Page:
Now that she was in the throes of an indecision, whose ending, one way or the other, must be so tremendous, now that she was in the very swirl, she let no sign at all escape her; the Colonel and even his wife were deceived into thinking that after all no great harm had been done. It was grateful to them to think so, because of that stewardship at Monte Carlo, of which they could not render too good account. The warm sleepy days, with a little croquet and a little paddling on the river, and much sitting out of doors, when the Colonel would read aloud from Tennyson, were very pleasant. To him—if not to Mrs. Ercott—it was especially jolly to be out of Town ‘this confounded crowded time of year.’ And so the days of early June went by, each finer than the last.
And then Cramier came down, without warning on a Friday evening. It was hot in London . . . the session dull. . . . The Jubilee turning everything upside down. . . . They were lucky to be out of Town!
A silent dinner—that!
Mrs. Ercott noticed that he drank wine like water, and for minutes at a time fixed his eyes, that looked heavy as if he had not been sleeping, not on his wife’s face but on her neck. If Olive really disliked and feared him—as John would have it—she disguised her feelings very well! For so pale a woman she was looking brilliant that night. The sun had caught her cheeks, perhaps. That black low-cut frock suited her, with old Milanese-point lace matching her skin so well, and one carnation, of darkest red, at her breast. Her eyes were really sometimes like black velvet. It suited pale women to have those eyes, that looked so black at night! She was talking, too, and laughing more than usual. One would have said: A wife delighted to welcome her husband! And yet there was something—something in the air, in the feel of things—the lowering fixity of that man’s eyes, or—thunder coming, after all this heat! Surely the night was unnaturally still and dark, hardly a breath of air, and so many moths out there, passing the beam of light, like little pale spirits crossing a river! Mrs. Ercott smiled, pleased at that image. Moths! Men were like moths; there were women from whom they could not keep away. Yes, there was something about Olive that drew men to her. Not meretricious—to do her justice, not that at all; but something soft, and-fatal; like one of these candle-flames to the poor moths. John’s eyes were never quite as she knew them when he was looking at Olive; and Robert Cramier’s—what a queer, drugged look they had! As for that other poor young fellow—she had never forgotten his face when they came on him in the Park!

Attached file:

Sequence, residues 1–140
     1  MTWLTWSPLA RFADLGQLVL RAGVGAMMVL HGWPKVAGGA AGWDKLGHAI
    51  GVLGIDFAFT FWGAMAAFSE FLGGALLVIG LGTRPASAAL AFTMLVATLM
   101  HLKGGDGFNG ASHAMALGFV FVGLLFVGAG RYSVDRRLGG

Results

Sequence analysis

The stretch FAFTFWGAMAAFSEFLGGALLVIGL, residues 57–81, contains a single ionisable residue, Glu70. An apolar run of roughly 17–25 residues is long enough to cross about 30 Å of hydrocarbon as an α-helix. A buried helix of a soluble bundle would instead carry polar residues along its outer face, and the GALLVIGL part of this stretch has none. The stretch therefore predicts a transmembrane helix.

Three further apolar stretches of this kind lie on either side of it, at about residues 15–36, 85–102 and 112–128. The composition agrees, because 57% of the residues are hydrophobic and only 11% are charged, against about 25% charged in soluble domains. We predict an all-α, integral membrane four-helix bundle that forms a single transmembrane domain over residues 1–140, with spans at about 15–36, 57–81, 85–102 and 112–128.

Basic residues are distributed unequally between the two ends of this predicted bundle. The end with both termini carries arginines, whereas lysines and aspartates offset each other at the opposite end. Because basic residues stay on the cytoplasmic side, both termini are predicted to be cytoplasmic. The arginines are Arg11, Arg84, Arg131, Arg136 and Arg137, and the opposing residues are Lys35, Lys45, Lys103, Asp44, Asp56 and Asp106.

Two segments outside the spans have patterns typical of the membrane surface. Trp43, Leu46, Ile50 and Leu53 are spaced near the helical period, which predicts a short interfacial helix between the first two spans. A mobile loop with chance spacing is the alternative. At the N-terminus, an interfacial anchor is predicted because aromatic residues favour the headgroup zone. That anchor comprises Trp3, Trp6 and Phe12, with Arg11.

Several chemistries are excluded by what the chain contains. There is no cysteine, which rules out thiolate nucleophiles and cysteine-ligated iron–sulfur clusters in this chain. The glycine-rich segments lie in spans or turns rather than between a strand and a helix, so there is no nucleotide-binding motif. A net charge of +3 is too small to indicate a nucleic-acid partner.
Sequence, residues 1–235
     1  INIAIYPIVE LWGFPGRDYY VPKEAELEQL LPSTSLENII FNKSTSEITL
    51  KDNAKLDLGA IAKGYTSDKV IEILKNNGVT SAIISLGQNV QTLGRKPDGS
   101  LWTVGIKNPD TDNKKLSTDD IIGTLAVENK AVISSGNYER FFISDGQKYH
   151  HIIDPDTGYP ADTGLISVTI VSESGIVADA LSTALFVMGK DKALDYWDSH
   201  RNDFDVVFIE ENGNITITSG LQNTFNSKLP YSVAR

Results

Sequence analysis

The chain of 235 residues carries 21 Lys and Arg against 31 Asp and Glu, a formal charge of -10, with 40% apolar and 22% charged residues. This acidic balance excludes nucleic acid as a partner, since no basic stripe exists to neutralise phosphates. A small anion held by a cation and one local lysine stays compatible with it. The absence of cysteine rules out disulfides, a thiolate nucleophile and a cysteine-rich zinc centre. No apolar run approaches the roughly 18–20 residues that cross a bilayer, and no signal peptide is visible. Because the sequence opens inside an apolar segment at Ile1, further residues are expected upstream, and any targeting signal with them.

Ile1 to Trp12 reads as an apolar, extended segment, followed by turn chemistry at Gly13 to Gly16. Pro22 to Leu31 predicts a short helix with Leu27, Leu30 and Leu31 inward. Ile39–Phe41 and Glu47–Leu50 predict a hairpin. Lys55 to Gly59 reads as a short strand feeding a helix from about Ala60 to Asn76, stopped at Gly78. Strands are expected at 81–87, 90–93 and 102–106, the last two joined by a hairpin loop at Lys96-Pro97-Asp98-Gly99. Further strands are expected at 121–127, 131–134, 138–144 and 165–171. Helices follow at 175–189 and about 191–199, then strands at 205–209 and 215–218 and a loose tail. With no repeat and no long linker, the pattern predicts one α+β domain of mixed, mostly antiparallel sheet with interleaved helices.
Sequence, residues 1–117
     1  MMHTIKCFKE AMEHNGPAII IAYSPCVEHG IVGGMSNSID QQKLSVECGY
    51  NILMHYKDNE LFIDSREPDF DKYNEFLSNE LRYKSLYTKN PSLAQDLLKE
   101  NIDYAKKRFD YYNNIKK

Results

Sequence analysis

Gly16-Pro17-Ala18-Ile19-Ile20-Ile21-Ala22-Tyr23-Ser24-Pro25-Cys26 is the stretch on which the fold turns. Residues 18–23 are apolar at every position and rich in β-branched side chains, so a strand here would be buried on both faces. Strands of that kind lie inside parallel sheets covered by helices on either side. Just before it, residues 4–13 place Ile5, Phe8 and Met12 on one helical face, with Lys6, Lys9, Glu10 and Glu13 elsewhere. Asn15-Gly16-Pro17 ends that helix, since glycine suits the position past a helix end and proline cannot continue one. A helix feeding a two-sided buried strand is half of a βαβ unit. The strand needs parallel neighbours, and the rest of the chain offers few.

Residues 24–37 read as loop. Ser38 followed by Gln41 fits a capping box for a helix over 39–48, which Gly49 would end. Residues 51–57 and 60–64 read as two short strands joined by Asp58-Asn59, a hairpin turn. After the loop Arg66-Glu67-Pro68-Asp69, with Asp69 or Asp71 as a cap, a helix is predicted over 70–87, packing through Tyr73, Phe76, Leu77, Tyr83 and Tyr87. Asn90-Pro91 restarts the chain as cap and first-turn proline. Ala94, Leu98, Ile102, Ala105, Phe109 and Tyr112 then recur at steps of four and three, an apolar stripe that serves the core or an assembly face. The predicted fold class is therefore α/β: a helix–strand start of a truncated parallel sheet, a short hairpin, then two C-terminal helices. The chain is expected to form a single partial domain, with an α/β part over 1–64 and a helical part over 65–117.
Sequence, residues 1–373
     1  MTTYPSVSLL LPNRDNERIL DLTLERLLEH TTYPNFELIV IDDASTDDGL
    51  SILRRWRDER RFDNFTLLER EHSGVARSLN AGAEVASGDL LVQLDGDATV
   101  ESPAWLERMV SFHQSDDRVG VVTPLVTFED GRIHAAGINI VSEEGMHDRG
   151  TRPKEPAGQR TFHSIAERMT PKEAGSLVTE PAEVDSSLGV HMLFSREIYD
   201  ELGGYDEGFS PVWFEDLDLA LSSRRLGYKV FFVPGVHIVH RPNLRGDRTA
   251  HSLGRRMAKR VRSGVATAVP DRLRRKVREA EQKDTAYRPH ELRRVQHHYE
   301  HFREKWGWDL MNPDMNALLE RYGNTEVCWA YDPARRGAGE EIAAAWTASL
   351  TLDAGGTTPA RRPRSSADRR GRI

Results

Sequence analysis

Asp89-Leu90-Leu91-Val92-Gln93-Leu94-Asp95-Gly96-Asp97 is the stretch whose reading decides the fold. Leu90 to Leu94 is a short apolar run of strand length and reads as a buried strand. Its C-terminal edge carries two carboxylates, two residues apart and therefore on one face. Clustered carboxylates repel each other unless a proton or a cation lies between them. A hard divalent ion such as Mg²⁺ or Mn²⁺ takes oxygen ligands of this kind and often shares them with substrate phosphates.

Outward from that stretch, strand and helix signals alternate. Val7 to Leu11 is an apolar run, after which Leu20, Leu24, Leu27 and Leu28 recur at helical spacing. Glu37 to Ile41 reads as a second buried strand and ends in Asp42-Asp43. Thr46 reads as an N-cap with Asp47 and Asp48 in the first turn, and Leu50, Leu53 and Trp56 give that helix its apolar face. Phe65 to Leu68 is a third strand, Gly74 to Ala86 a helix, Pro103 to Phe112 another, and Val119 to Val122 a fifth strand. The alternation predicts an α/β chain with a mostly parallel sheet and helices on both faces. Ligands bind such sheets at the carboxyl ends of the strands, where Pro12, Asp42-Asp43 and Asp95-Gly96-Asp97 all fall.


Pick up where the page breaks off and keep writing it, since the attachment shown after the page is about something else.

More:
And when after dinner they sat on the veranda, they were all more silent still, just watching, it seemed, the smoke of their cigarettes, rising quite straight, as though wind had been withdrawn from the world. The Colonel twice endeavoured to speak about the moon: It ought to be up by now! It was going to be full.